The last month has been a testing time for ports in the UK with Southampton being particularly hard hit. We review the significance of the many factors currently impacting the productivity of the UK’s ports which is challenging the supply chain.
It’s a complex situation with many intertwining factors that has led to difficulty at the UK’s ports and in particularly the current situation at Southampton. Delays are being suffered as a result of many external factors including vessel diversions, port congestion and shortage of truck drivers as the crisis in the UK haulage sector tightens its grip.
Impact of rerouting from Felixstowe
There have been many reported problems in the press of delays at UK’s ports in the last few months, which started with Felixstowe’s teething issues migrating to its new IT system. While these issues have mainly been resolved now, it meant that many shipments destined for the UK’s largest port were rerouted to London Gateway and Southampton. This has led to an increase in vessels using Southampton’s port.
Impact of adverse weather conditions in China
Coupled with the rerouting of vessels, the recent typhoons across the whole of China resulted in vessels coming into port off the usual schedule. Because of scheduling changes, vessels have not been able to stay in port for the usual duration and therefore have had to leave in some cases without fully unloading their containers.
At the same time as vessels being forced to leave before unloading, they have also been unable to load all empty containers at port. This has resulted in very high stack levels at Southampton Port. The unseasonably large number of empty containers, combined with the normal pre-Christmas peak, has increased stack density and resulted in slower than normal productivity. The reduced productivity of the port then creates a vicious circle of more empty containers stacking up day by day.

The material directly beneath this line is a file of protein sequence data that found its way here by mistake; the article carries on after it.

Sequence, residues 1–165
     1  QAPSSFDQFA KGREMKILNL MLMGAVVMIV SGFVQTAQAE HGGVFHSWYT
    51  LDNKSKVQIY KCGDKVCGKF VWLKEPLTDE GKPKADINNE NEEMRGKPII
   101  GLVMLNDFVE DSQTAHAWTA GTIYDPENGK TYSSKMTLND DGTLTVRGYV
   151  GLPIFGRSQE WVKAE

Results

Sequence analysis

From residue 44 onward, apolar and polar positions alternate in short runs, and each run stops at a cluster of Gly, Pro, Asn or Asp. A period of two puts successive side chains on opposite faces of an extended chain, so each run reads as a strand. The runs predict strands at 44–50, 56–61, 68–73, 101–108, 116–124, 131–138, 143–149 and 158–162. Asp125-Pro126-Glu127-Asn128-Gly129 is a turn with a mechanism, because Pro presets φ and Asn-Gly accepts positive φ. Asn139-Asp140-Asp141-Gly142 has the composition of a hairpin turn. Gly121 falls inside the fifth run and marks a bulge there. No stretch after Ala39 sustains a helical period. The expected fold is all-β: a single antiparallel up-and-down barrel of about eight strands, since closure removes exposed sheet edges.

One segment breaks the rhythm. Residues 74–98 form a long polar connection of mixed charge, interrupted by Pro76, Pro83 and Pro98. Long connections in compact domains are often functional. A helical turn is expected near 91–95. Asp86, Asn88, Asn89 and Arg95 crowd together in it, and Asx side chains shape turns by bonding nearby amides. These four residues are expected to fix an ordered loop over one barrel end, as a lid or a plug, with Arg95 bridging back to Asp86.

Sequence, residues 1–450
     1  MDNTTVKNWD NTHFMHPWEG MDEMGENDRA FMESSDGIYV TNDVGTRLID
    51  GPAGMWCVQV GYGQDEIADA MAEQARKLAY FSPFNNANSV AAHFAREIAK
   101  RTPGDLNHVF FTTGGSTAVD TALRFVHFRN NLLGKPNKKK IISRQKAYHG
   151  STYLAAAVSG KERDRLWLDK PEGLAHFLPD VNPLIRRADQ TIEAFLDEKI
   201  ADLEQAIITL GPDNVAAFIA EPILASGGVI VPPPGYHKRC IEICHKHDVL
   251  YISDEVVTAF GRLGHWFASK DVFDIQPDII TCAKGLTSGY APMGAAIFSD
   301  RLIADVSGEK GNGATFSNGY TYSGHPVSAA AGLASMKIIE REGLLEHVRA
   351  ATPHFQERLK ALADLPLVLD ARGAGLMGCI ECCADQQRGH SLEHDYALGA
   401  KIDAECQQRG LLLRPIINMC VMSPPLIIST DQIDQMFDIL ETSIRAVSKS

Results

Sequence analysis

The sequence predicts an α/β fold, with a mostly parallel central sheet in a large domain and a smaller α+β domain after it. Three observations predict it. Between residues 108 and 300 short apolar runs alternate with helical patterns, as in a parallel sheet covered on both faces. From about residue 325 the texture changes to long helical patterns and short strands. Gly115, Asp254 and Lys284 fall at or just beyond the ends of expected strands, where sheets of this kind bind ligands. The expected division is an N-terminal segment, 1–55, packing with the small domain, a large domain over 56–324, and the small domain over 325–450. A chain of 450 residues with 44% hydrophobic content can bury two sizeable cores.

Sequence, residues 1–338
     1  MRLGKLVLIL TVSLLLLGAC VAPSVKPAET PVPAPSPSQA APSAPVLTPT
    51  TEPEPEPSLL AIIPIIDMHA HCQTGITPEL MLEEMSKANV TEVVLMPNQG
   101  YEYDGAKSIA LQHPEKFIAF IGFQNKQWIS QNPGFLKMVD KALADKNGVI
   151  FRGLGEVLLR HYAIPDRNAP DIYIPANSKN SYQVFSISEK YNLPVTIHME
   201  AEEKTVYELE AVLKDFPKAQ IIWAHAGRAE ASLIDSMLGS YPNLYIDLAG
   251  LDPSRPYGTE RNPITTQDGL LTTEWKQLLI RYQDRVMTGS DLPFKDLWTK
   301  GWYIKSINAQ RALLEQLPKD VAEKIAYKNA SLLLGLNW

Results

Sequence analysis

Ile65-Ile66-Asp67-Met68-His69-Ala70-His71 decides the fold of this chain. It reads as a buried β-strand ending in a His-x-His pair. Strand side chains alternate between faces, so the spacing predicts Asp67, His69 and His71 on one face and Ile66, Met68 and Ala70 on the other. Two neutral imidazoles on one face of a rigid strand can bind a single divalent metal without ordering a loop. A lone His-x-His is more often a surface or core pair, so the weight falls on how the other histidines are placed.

Impact of reduced haulage capacity
The UK road haulage market continues to face ongoing challenges as a result of a general shortage of vehicles, drivers and rail availability, plus increased cargo volumes. The reduction in haulage availability has resulted in delays on import collections particularly in this seasonal peak, which exacerbates the challenges to productivity at ports. At Southampton Port the lack of haulage means that boxes are staying on their terminal for at least a day and a half longer than normal. Reliability and punctuality of all export collections and import deliveries has been impacted and these issues are likely to continue as many are ongoing or long-term as well as being seasonal.
The impact for PFE’s customers
For our customers we manage to reduce the impact by planning ahead. We also employ our own drivers and have high driver retention rates as we recognise their value to our business. As such we are best placed to ensure that your shipments are collected and distributed in a timely manner with delays being limited as much as possible.
However the challenges that are felt across all of the UK’s ports must be recognised and it is expected that they will continue throughout the peak season until later in the year. We will of course keep you updated with any further developments.